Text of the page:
Board anticipates 3.3 percent tax increase
The Garrison school district superintendent on Wednesday (March 1) proposed a $12.65 million budget for the 2023-24 academic year, representing a 3.3 percent property tax increase.
That will match the tax cap calculated by the state for Garrison in 2023-24, said Superintendent Carl Albano, meaning only a majority of district voters must approve the budget in May, rather than 60 percent. But he cautioned that an override of the cap will likely be needed for the 2024-25 budget.
Last year, the Garrison school board presented a budget with a 9.18 percent increase, far in excess of the cap, which was calculated by the state for Garrison to be 2.2 percent. That budget failed to get 60 percent support and the district subsequently presented another budget with a 6.6 percent increase that passed with 69 percent approval.
Albano said that the district is staying at the cap only because it will spend savings, or reserve, funds. “Using reserves to close a budget gap is not a long-term strategy,” he said. “We’re running out of reserves.”
The budget will be presented to the public in a series of meetings and hearings over the next two months. The vote is scheduled for May 16.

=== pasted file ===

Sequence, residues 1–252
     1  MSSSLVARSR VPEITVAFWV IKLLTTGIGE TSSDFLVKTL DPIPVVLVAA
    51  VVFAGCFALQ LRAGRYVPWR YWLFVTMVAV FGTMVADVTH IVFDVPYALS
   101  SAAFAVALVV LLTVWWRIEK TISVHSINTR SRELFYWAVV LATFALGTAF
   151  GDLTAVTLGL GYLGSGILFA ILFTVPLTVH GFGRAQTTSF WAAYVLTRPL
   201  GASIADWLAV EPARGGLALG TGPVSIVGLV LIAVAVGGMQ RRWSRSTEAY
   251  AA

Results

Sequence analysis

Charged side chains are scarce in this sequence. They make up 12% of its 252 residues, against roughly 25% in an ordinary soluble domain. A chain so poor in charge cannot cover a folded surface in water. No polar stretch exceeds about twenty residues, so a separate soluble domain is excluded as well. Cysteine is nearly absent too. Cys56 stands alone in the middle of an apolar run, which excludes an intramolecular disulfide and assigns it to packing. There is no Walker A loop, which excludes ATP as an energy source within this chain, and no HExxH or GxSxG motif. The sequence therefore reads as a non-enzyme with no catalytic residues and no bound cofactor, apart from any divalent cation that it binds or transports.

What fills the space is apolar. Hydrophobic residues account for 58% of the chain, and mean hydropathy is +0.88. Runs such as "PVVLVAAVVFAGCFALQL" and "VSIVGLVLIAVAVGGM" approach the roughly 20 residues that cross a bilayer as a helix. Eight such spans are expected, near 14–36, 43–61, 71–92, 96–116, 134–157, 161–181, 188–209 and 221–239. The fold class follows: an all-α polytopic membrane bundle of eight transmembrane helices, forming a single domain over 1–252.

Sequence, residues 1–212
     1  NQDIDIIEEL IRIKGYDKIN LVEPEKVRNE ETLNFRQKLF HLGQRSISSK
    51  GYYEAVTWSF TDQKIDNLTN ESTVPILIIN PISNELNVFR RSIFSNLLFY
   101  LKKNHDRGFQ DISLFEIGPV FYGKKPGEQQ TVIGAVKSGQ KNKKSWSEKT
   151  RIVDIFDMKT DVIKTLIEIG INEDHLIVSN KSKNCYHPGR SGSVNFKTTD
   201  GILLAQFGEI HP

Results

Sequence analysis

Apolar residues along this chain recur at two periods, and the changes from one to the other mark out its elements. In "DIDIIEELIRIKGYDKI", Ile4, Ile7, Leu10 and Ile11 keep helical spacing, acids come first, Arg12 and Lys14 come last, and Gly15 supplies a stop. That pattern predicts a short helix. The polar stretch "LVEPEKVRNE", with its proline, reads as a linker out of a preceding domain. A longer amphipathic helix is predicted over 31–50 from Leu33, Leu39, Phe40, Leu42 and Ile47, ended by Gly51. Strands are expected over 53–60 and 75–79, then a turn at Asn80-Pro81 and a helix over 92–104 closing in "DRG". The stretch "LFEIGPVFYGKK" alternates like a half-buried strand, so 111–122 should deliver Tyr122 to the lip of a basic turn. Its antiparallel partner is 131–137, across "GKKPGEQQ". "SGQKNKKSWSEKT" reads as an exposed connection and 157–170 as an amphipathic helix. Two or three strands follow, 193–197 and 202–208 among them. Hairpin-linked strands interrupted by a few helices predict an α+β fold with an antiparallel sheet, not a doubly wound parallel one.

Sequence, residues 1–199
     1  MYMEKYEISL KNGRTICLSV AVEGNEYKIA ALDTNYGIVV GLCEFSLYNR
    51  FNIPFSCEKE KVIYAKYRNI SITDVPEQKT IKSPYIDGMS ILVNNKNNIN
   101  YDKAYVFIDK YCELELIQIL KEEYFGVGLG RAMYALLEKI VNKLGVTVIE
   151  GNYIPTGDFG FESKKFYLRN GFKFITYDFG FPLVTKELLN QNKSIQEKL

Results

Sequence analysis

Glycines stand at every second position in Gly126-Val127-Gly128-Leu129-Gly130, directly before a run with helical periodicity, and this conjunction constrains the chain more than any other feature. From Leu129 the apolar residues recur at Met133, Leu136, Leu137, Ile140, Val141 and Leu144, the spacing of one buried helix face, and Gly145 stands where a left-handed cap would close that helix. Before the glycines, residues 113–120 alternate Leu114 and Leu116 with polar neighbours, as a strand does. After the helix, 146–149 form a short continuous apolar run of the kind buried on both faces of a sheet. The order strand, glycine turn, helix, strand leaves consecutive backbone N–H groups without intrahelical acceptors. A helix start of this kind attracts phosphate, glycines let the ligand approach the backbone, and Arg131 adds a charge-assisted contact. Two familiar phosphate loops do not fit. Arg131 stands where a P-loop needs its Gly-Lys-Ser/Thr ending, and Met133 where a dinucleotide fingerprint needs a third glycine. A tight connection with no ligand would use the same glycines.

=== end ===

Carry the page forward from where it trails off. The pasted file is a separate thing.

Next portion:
A major goal of the board was to avoid another override. “I don’t think the community has the appetite for an override this year,” said Kent Schacht, who chairs the board’s finance committee.
To balance the budget, the district must address challenges with costs as well as revenues, said Joe Jimick, the district’s business administrator.
One key revenue challenge is the relative lack of funding from the state. Under the Foundation Aid Formula, the district next year will receive an increase of about 3 percent, or $17,244, said Jimick. By comparison, he said, other Putnam districts are receiving an average increase of 23 percent. Jimick pointed out that Brewster is expecting a 31.8 percent aid increase, amounting to $4.7 million in additional revenue.
Garrison receives less money because of its relatively high property values. “The state is saying, ‘You don’t need it,’” Jimick said.
Sarah Tormey, the board president, said that the board has lobbied Dana Levenberg, whose district in the state Assembly includes Garrison, and state Sen. Rob Rolison, to get more funding.
To supplement revenue, the district plans to withdraw $662,220 from its savings, although an over-reliance on reserves is fiscally unwise, Jimick said. “It’s not good for the long-term health of the school district,” he said. “But we don’t see a choice.”
The primary factors driving up costs are debt service for capital projects ($119,756), a 5.5 percent increase in employee health insurance premiums ($75,422), electric costs for a new HVAC system ($69,000) and an 8 percent transportation cost increase ($58,567).
Even with a 3.3 percent increase, the Garrison property tax levy would still be the lowest in the county, by far. Its current levy is $9.75 per $1,000 of full value, meaning a $500,000 home is assessed $4,875 in annual taxes. Haldane’s tax rate is $16.97 per $1,000 and Carmel’s is $25.47.